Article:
The vast majority of produce for sale in stores in N. America is usually secretly contaminated in one or more of the following ways:
- Ethylene gas is used to ripen produce at the distribution center, and sometimes the store. It is a really efficient way to get produce to the customer at the time the customer wants it, which is usually out of season and far from where it grows. Unfortunately it is corny and is not merely a surface treatment.
- Citric acid can be used to keep just about everything fresh. Produce is sprayed, soaked, shipped and dipped in citric acid to keep it fresh. It is, once again, a very effective treatment unless you have a corn allergy.
- Herbicides and pesticides are used on all non-organic produce. Aside from being a great way to ingest neurotoxins, it can contain corn or other allergens and doesn’t wash off very easily.
- Waxes and coatings are almost universally used to preserve and beautify both organic and conventional produce. It may contain corn or corn derivatives, soy or wheat.
When cutting vegetables (and fruit) that have been coated, the knife you are using will drag the allergens into the meat of the vegetable, contaminating it. Scrubbing them before cutting with vinegar or a mixture of baking soda and some safe dish soap will help get that gunk off to the point where it may be safely peeled, although there is no way to guarantee complete removal of the coatings.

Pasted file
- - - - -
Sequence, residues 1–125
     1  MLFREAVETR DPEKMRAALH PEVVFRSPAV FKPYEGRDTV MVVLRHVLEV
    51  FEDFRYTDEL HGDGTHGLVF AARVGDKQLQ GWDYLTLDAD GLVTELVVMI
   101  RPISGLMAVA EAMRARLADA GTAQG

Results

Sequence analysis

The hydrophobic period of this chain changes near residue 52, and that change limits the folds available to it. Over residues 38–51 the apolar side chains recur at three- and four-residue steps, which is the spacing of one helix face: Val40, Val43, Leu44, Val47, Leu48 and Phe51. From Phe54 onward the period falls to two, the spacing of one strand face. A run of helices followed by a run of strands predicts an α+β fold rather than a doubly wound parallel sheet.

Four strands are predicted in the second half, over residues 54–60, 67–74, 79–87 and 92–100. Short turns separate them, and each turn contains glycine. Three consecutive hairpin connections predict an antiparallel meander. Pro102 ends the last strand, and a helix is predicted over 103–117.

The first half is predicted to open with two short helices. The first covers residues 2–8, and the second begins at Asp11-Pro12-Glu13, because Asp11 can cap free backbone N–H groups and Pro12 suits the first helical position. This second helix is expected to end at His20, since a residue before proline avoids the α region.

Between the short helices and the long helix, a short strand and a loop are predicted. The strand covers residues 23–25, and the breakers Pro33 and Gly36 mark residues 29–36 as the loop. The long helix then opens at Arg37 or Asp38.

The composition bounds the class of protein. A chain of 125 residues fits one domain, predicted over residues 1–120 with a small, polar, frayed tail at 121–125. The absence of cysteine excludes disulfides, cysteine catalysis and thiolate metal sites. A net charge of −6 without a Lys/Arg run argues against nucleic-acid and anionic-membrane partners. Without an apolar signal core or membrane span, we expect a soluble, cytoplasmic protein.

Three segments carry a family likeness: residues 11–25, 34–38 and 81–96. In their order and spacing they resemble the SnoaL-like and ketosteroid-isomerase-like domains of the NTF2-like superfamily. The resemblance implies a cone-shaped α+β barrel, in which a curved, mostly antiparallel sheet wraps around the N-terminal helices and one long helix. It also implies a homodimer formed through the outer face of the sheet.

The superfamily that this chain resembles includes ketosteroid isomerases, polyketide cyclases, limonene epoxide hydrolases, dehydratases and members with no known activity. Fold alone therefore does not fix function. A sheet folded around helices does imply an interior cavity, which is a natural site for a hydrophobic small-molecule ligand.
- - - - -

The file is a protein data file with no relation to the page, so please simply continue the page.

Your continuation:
Trying to figure out what produce is and isn’t safe will give just about anyone headache. Asking the store anything will probably get you some blank stares, and if you do get an answer it is most likely not going to be very well informed or accurate.
The best option is to cut out the guesswork and only purchase produce that you know is safe. Do u-pick, hit the farmer’s market or grow it yourself. Doing this right off the bat when eliminating allergens will cut down on reactions, confusion and help get the corn out of your system faster and with much less hassle.